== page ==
Jul
23

Every Business is a Lifestyle Business

This post was written by Dr. Jeff Cornwall on July 7, 2008 and appeared on his blog called. The Entrepreneurial Mind.

Jeff is the Director of the Center for Entrepreneurship at Belmont University. Belmont University was recognized by The United States Association for Small Business and Entrepreneurship as the school with the best undergraduate program in 2008.

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When people use the term lifestyle business they usually are referring to something small and even part-time. Academics and policy folks will often say the term lifestyle business with a hint of indifference, boredom, or even condescension. This is not a business that interests them very much if it is not designed to scale up and grow.

I would argue that every business is a lifestyle business.

Why? Because the business we create will dictate our lifestyle.

We can choose the lifestyle our business creates deliberately, basing it on our goals, aspirations and values.

Our lifestyle may be one of integrating our business with our passion to change the world. We call this a social venture. Our lifestyle in this venture would be one of sacrificing our own income and wealth potential in exchange for making the world a better place.

Our lifestyle may be one that has the flexibility to spend the time we want to with our family, our church, our community, our hobbies, travel, or what ever.

Our lifestyle may be one that keeps things simple. We are willing to trade off the growth potential in a venture for the peace of mind of having no employees to worry about or to provide for.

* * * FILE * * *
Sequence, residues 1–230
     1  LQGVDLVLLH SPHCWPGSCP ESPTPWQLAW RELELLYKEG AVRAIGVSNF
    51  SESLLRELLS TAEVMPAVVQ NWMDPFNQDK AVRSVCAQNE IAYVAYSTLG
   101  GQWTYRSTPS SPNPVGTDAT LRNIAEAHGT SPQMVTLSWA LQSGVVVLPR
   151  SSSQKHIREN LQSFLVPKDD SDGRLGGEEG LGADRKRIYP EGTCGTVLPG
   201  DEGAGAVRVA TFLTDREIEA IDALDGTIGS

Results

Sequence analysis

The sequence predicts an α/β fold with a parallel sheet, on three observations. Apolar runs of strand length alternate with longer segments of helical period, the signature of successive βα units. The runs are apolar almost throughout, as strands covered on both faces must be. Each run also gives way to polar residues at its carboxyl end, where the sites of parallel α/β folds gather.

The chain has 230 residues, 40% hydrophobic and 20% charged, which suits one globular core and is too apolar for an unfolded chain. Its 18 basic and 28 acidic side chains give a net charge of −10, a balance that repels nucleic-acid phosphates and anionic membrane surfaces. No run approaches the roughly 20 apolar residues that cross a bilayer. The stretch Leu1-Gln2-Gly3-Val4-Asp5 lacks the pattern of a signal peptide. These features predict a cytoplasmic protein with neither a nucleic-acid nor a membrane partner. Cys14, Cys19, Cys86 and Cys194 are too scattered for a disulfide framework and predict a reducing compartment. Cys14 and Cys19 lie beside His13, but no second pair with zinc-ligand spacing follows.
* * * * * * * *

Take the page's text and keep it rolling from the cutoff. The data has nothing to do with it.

Our lifestyle may be one of fame and fortune — of work ahead of everything else. So we look for opportunities that provide wide open markets with significant growth potential.

Be deliberate in planning a business that reflects the lifestyle you want. And understand the trade-offs that come with the choices you make — there are always trade-offs.

High growth ventures offer high rewards of income and wealth. But, they also come with the risks associated by pursing such ventures. Your income is more at risk, certainly in the short-run. Your family will likely see you less. Your hobbies and interests will take a back seat.

The decision to keep your business small can offer the ability to control your time and make it more flexible for other parts of your life. But, your income potential will be more limited and you will have to be content with passing on opportunities to add on more products, move into other geographic locations, or maximize our share of the market.

The key thing is to recognize that every business has an affect on your lifestyle. Be honest with yourself. Know what lifestyle you truly want and then engineer that lifestyle into the business you build.

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